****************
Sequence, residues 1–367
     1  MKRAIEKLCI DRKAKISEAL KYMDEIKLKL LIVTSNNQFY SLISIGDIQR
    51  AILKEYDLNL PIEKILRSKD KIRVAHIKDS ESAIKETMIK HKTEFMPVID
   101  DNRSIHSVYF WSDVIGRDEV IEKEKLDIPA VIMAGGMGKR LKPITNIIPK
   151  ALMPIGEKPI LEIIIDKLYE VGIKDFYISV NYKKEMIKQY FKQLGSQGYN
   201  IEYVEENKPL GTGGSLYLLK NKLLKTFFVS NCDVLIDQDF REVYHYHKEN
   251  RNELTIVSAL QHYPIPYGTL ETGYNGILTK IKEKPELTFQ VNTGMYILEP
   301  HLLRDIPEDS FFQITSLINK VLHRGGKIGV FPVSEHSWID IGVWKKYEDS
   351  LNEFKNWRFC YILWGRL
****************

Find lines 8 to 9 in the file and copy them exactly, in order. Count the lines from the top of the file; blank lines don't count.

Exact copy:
   301  HLLRDIPEDS FFQITSLINK VLHRGGKIGV FPVSEHSWID IGVWKKYEDS
   351  LNEFKNWRFC YILWGRL